Can Design Be Non-paternalistic? Conceptualizing Paternalism in the Design Profession
Paternalism is an instance of someone making a decision on behalf of someone else. A professional designer can exhibit paternalism through conceptualizing, defining, and selecting current or preferable situations or while finalizing outcomes for stakeholders. Paternalism is thus, a critical ethical dimension related to the design profession. The design academy and community must theorize paternalism if we are to avoid or reduce it. Paternalism may be present at three critical junctures of design decision making. Our three-layer framework examines paternalism as it relates to design process decisions, decisions about participation in design, and normative framework decisions. The circular model represents the hierarchy of paternalistic decision making: any effort to overcome paternalism at the (inner) design level or (middle) participatory level will be ineffective if it is present in the (outer) normative layer. We discuss the extent of possible exhibitions of paternalism and the challenges to avoiding it in decisions at each layer, and contrast these briefly with overtly paternalistic design approaches, such as design for behavior change. We find that design may be inherently paternalistic, at times may need to be that way (in certain contexts especially, where expertise is required for decisions to be made accurately), and that it is up to the individual designer whether they exhibit paternalism in their design decisions or not.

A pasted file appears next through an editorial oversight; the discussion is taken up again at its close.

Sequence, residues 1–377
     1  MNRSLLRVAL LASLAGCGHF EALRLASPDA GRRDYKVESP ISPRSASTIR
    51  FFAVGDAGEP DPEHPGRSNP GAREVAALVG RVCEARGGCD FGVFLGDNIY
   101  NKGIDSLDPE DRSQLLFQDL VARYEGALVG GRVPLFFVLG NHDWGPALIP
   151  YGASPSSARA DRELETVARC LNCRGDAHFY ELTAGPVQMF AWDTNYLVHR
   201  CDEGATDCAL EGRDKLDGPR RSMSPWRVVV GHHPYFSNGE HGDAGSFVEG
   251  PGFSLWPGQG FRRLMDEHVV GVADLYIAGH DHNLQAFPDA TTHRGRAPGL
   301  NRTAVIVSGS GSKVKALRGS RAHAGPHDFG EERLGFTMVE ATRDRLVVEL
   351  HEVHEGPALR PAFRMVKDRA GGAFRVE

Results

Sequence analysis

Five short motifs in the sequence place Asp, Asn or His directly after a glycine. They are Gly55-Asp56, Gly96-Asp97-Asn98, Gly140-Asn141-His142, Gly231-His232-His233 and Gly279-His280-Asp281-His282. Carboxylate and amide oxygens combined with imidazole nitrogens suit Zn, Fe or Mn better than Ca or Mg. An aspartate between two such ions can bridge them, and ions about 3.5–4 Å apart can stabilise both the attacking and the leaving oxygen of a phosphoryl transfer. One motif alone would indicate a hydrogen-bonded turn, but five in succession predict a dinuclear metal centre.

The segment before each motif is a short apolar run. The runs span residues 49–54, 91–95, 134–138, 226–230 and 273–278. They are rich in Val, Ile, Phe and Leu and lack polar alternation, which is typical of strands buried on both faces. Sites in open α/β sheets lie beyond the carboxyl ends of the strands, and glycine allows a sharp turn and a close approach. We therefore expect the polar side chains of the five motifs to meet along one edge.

Paternalism in design, Design ethics, Participatory design, Design for behavior change, Philosophy of design
Khadilkar, P., S. Jagtap, (2021), Can Design Be Non-paternalistic? Conceptualizing Paternalism in the Design Profession, She Ji: The Journal of Design, Economics, and Innovation, Volume 7, Issue 4, 2021,
Pages 589-610, ISSN 2405-8726, https://doi.org/10.1016/j.sheji.2021.09.001.